News broke a month ago that Chinese conglomerate Wanda’s bid for Hollywood studio Dick Clark was under pressure, and last week it was confirmed that the deal was off. Wanda is controlled by Wang Jianlin, China’s richest man. His company’s initial proposal to buy Dick Clark came in the early fall of 2016, at the tail end of a remarkable series of overseas investments from China. That flow of money has slowed down as the Chinese government has clamped down on capital outflows, and perceptions grow that Donald Trump’s administration is hostile to foreign investment, particularly from China. Wang had publicly warned the U.S. against protectionism in both December 2016 and January 2017, but now appears to be one of the highest-profile victims of it. Others may soon follow: The South China Morning Post notes that a similarly large bid by Shanghai Film Co. and Huahua Media to buy Paramount Pictures is also running into trouble.
  • Chinese pharma firms target the global market / The Economist (paywall)
    Drug companies in China are quickly learning to innovate, and spending on research and development is set to rise as the government encourages the pharma industry to consolidate. The country’s drug market is expected to grow from $108 billion to $167 billion from 2015 to 2020. And though Chinese companies have had trouble acquiring large foreign pharmaceuticals in the past, Bloomberg reports that Shanghai Pharma may have a good shot at buying Stada, a German drug manufacturer worth billions. Earlier this year, the Chinese Sanpower Group made an $820 million deal to buy a U.S.-based prostate treatment firm.


POLITICS AND CURRENT AFFAIRS:

  • Taiwan plans military spending surge to counter rising China / Bloomberg
    Today, a 50 percent increase in defense spending — from about 2 percent to 3 percent of overall economic output — was announced for next year by the administration of President Tsai Ing-wen of Taiwan. The new funding, while significant, does not yet match the 5 percent of GDP that Taiwan spent on its military a few decades ago, and the new efforts are largely focused on newer “asymmetric” technology, including in airpower and drones. The focus on advanced technology may be aided by the U.S., from which Taiwan plans to request stealth fighters, and which The New York Times reports (paywall) is “likely to sell Taiwan a large order of weapons.” Taiwan also confirmed that it has the capability to strike any mainland Chinese military base, including the one furthest from the island, which is 857 miles (1,380 kilometers) away.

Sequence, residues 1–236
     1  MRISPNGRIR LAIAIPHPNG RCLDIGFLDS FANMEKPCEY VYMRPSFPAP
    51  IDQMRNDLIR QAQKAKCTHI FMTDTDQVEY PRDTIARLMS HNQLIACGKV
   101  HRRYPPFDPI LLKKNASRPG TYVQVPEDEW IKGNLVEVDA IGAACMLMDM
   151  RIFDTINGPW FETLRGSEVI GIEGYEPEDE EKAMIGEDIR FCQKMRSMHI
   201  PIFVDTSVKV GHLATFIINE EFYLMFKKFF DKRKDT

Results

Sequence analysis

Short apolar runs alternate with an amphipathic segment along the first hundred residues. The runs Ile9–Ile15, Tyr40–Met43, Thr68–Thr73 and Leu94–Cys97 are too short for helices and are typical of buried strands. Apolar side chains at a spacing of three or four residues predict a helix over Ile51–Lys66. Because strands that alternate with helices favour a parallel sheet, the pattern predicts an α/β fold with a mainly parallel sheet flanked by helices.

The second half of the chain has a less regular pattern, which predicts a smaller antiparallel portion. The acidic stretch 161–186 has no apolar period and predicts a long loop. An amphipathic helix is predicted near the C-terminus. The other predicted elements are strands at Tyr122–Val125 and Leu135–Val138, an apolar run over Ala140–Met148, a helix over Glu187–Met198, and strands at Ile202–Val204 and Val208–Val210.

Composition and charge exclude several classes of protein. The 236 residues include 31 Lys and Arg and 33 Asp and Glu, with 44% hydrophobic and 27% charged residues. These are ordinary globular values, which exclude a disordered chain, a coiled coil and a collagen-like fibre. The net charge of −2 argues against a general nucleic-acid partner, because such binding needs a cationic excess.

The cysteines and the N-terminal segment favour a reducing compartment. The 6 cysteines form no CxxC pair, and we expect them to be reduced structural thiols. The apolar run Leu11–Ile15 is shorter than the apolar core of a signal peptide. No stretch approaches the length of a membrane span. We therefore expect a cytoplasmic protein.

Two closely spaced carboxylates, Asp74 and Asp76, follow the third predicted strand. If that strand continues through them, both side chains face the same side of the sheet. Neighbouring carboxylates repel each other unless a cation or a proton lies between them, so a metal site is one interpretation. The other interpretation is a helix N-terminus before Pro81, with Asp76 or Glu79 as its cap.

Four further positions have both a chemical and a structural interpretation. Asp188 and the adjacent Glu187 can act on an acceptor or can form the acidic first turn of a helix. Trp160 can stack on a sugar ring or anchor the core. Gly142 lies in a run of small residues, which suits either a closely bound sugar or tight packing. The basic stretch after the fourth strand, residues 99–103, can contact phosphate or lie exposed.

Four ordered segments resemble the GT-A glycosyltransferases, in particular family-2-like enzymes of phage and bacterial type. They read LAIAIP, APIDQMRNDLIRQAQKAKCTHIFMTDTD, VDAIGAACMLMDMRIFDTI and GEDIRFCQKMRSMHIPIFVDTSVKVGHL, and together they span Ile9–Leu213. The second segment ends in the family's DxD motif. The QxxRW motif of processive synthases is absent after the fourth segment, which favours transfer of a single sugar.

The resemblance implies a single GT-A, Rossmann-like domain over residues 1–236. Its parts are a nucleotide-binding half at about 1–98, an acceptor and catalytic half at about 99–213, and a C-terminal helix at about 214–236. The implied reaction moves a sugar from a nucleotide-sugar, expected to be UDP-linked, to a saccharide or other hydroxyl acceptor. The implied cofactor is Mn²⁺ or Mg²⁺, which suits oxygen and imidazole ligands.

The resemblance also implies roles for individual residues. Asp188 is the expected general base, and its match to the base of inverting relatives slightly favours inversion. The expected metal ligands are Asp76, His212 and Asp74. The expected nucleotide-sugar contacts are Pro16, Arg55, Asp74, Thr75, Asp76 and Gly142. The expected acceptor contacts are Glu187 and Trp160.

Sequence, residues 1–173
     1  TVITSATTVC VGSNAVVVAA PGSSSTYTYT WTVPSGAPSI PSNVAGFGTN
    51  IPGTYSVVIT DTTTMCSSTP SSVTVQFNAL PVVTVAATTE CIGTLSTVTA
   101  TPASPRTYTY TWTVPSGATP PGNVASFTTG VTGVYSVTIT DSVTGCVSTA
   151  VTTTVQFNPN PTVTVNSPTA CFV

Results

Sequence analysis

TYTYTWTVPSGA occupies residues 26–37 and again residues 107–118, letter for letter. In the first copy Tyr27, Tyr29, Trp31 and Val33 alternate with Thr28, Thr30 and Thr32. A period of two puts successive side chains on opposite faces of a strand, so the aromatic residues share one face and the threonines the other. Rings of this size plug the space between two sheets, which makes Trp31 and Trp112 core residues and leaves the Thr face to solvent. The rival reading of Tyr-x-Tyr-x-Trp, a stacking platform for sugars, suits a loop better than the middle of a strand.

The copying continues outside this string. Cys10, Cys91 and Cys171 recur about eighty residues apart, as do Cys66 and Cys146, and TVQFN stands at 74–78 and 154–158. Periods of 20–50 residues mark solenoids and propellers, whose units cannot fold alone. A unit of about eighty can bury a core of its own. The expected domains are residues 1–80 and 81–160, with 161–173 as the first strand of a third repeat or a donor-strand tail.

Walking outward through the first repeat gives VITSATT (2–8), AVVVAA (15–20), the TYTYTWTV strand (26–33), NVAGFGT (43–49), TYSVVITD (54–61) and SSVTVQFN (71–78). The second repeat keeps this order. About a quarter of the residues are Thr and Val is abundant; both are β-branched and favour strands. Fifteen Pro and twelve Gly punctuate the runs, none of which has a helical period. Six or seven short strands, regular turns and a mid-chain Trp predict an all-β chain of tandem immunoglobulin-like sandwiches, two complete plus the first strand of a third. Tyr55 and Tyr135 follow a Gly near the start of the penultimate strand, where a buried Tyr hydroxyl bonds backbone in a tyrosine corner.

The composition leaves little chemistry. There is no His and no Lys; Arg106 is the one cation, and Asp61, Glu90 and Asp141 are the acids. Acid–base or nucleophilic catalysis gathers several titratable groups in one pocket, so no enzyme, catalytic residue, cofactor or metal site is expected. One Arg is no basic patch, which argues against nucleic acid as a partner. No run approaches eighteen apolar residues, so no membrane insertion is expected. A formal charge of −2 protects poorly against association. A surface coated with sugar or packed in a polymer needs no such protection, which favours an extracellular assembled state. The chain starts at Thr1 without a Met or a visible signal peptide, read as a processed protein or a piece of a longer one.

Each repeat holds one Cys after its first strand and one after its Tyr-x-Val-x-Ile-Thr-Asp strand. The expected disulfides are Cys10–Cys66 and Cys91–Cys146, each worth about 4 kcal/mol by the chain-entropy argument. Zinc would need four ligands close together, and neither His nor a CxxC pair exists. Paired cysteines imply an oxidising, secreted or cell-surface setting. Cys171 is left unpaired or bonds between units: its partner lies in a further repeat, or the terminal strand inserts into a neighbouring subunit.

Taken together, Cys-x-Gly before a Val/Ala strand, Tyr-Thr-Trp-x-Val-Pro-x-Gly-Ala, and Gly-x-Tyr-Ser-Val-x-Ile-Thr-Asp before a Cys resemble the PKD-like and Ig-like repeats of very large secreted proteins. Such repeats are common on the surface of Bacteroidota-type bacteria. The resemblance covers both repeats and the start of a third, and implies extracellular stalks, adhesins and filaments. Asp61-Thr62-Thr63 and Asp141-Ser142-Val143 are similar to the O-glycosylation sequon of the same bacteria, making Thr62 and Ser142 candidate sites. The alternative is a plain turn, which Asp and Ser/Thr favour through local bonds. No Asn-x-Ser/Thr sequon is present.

• China restricts access to foreign children’s books / Financial Times (paywall)
    The thousands of foreign children’s books translated yearly into Chinese will soon be reduced to hundreds, in accordance with a new directive from regulators to publishers in China, the Financial Times reports. Initial news of the restrictions appeared in the South China Morning Post last week. We noted then that the massive online marketplace Taobao would no longer be allowed to sell any kind of foreign media publications — even those that are legally distributed by Chinese state-owned firms. Both events are part of an intensifying crackdown on Western ideology in education at all levels.


SOCIETY AND CULTURE:

  • Beijing’s new ‘smog police’ detain man for causing air pollution for first time / SCMP
    In one of the most prominent implementations of a tougher Environmental Protection Law enacted in 2015 so far, Beijing’s air pollution police have detained a staff member of a heating supply company found to be in violation of sulfur dioxide emissions limits. No details were given on the name of the company or the employee, nor the length of the detention. The 2015 law gives the police authority to detain offenders for up to 15 days and impose fines and suspend factory operations.
  • Missile row drives Korean culture underground in China / Reuters
    Millions of Korean culture fans in China are being forced to turn to peer-to-peer networks to share and view their favorite TV shows and other cultural products, as a recent chill in Seoul-Beijing relations has limited mainstream options. Popular video streaming sites are reportedly no longer updating content such as K-dramas and variety shows. The source of the chill is Beijing’s displeasure with the THAAD anti-missile system which deployed in South Korea earlier this month.

By The editors
Jeremy Goldkorn, Anthony Tao, Lucas Niewenhuis, Jia Guo, and Jiayun Feng.